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CLIMATE CHANGE KNOWLEDGE
Trusting what you know
New study tests individuals’ confidence in their knowledge about climate change
- Researchers test citizens’ knowledge about climate change and measure their confidence in these facts
- Confirming information about climate change is clouded by a mixture of facts and fiction, impacting individuals’ confidence of their own knowledge and decisions
- Individuals performed accurately when confirming true statements about climate change and their confidence of these claims. However, it was a challenge for participants to confirm with confidence that false statements were indeed false
In an age of limitless information, it can be a challenge to separate fact from fiction. That goes for climate change as well. This makes matters more complicated when considering decisions that can impact the environment. In terms of how confident individuals are in their own knowledge about the climate, general uncertainty exists.
Centre researcher Helen Fischer, along with colleagues Dorothee Amelung and Nadia Said from Heidelberg University, tested this idea on German citizens.
Published in Nature Climate Change, the study investigates individuals’ accuracy of confidence in their knowledge about climate change.
Accuracy of confidence is of particular importance in the area of climate change, where scientifically correct information exists alongside substantial misinformation in the public discourse.
Helen Fischer, lead author
Filtering fact from fiction
In the study, the authors emphasise how accurate confidence is essential for making precise and educated decisions. However, while confidence often accompanies deeper knowledge of a subject, striking a balance is key. For instance, researchers highlight the example of when physicians are too confident on a particular diagnosis; they can fail to recognise a cause outside of this limited perspective. In this way, the confidence behind knowledge can influence the ability to make informed decisions.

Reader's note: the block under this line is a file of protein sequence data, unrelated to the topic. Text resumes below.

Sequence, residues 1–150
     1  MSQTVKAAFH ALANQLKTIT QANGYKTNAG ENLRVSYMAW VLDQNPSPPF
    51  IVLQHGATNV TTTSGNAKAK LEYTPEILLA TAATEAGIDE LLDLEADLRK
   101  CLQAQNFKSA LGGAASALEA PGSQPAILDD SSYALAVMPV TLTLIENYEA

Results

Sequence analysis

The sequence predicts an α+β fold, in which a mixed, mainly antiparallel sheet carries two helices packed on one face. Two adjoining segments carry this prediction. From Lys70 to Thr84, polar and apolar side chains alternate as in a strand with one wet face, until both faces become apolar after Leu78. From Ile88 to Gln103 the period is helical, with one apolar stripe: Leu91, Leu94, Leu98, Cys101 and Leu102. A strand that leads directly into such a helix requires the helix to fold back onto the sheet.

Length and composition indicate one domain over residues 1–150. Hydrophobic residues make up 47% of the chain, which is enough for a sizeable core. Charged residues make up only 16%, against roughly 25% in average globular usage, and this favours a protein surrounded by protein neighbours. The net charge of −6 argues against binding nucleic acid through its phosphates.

Considering the existence of an array of false information mixed in with legitimate facts, the researchers wanted to test “to what degree of accuracy of confidence citizens reject or accept statements about climate change.”
How much do people know about climate change, and more specifically, how certain are they about this knowledge?
A main finding was that individuals performed accurately when confirming true statements about climate change and their confidence of these claims. It was more difficult for the participants to confirm with confidence that false statements were indeed false. Some participants were also caught in the situation where they thought their support or rejection of statement was correct, but could not be completely certain. Their knowledge was correct, but their confidence of it was not absolute.
Ultimately, this study demonstrates how confidence in knowledge about climate change is not so clear. This is because confidence and knowledge correlate. The more you know about a topic, the more confident you are answering questions about it. “This means that if you ask someone how confident they are, this also reflects their knowledge,” Fishcher explains.
While individuals might be able to confirm true claims with accuracy, being unsure about false claims can also occur due to the ambiguity that surrounds climate change knowledge. Therefore, trusting knowledge is essential, as the authors note: “Distrusted knowledge may have detrimental consequences, because only if one has sufficient confidence in knowledge to actually use it does one truly possess that knowledge. . .”
An important limitation stressed by the authors is that the results may not hold for more action-related knowledge statements about climate change such as "A car's average CO2 emission per person and kilometre exceeds that of a train many times over." For these, further research is needed, Fischer concludes.
509 German participants were presented 8 climate change statements to validate (of which four were factual and the other four were false). Statements began with “science says that. . .” along with a fact to be confirmed as true or false. Participants of the study would answer how confident they were in each response on a scale of six points, “from 50%, ‘Not at all certain, I was guessing’, to 100%, ‘Certain, I know the answer.’ Mokken scale analysis was used to test the reliability of statements, and the C-index was used to monitor calibration for tracking the connection between confidence and accuracy. For relative confidence accuracy, Mratio was used to factor out the effect of climate change knowledge. Determining overall accuracy of confidence in climate change knowledge involved two comparisons: another citizen group tested on general science knowledge, and a group of scientists knowledgeable about climate change.
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